The Corner

Politics & Policy

Democrats Aren’t Interested in Talking about Trump’s ‘Crimes’ Anymore

House Intelligence Chairman Adam Schiff speaks to reporters with Nancy Pelosi, Jerrold Nadler, Maxine Waters, Eliot Engel,Carolyn Maloney, and Richard Neal during a news conference in Washington, U.S., December 10, 2019. (Jonathan Ernst/Reuters)

The Washington Post’s Aaron Blake points out that Republicans have adopted a new line of defense during the impeachment hearings: Unlike former president Bill Clinton, the GOP argues, Donald Trump won’t be cited for an actual crime. A number of Democrats made a big show of offering their colleagues a civics lesson on the matter, explaining that impeachment isn’t contingent on the president having committed any obvious statutory offenses.

It’s true! Democrats can impeach Trump for virtually any reason they see fit. Then again, as you’ve no doubt have heard, the impeachment is a political process. And Republicans would be negligent if they didn’t stress that the Democrats’ articles of impeachment lacked a single criminal accusation. Especially since Dem leadership has spent months alleging that it was a moral imperative to impeach Trump because he engaged in specific acts criminality.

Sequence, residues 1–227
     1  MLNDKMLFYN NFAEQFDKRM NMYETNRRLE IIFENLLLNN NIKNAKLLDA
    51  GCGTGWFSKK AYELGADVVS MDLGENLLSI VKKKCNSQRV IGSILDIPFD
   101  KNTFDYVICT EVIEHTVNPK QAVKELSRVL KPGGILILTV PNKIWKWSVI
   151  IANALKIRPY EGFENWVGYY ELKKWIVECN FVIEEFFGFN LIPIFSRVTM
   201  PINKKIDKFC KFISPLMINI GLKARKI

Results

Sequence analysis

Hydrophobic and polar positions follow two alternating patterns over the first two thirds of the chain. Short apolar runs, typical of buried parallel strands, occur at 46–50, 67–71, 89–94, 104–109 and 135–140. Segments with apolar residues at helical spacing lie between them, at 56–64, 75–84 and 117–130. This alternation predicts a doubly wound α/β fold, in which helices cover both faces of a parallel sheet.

It’s quite convenient, no doubt, for Democrats to have unburdened themselves of the thorny business of substantiating allegations of lawbreaking right before sending their case to the Senate. But it was Adam Schiff who spent the vast majority of his inquiry time pressing the case that Trump had engaged in criminal “extortion.” It was the Democrats who told us that criminal “obstruction of justice” was evident in the Mueller Report. It was Nancy Pelosi who moved the debate away from ambiguous quid pro quo towards the very graspable concept of “bribery.” People definitely understand what “bribery” entails. Which surely made Schiff and Jerrold Nadler’s job of proving criminality much harder.

Democrats are, of course, free to impeach Trump on constitutional charges alone, but it’s not within their power to keep changing the terms of the debate every time they decide to switch up strategy. Which, as you can see, is quite often.


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